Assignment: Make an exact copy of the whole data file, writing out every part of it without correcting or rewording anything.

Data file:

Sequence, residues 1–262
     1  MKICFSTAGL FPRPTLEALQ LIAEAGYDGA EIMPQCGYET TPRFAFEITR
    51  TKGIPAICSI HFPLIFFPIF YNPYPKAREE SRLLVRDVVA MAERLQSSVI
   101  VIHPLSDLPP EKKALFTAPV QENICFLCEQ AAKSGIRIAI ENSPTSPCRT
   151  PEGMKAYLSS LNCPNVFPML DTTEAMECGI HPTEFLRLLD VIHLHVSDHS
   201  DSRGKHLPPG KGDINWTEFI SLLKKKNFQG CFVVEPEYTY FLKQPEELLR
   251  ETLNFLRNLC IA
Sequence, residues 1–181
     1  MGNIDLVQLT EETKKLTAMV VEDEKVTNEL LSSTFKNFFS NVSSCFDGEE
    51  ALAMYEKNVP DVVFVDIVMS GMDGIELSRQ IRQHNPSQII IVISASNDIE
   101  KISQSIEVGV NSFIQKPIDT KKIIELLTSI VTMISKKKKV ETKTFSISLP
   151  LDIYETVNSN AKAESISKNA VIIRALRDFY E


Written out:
Sequence, residues 1–262
     1  MKICFSTAGL FPRPTLEALQ LIAEAGYDGA EIMPQCGYET TPRFAFEITR
    51  TKGIPAICSI HFPLIFFPIF YNPYPKAREE SRLLVRDVVA MAERLQSSVI
   101  VIHPLSDLPP EKKALFTAPV QENICFLCEQ AAKSGIRIAI ENSPTSPCRT
   151  PEGMKAYLSS LNCPNVFPML DTTEAMECGI HPTEFLRLLD VIHLHVSDHS
   201  DSRGKHLPPG KGDINWTEFI SLLKKKNFQG CFVVEPEYTY FLKQPEELLR
   251  ETLNFLRNLC IA
Sequence, residues 1–181
     1  MGNIDLVQLT EETKKLTAMV VEDEKVTNEL LSSTFKNFFS NVSSCFDGEE
    51  ALAMYEKNVP DVVFVDIVMS GMDGIELSRQ IRQHNPSQII IVISASNDIE
   101  KISQSIEVGV NSFIQKPIDT KKIIELLTSI VTMISKKKKV ETKTFSISLP
   151  LDIYETVNSN AKAESISKNA VIIRALRDFY E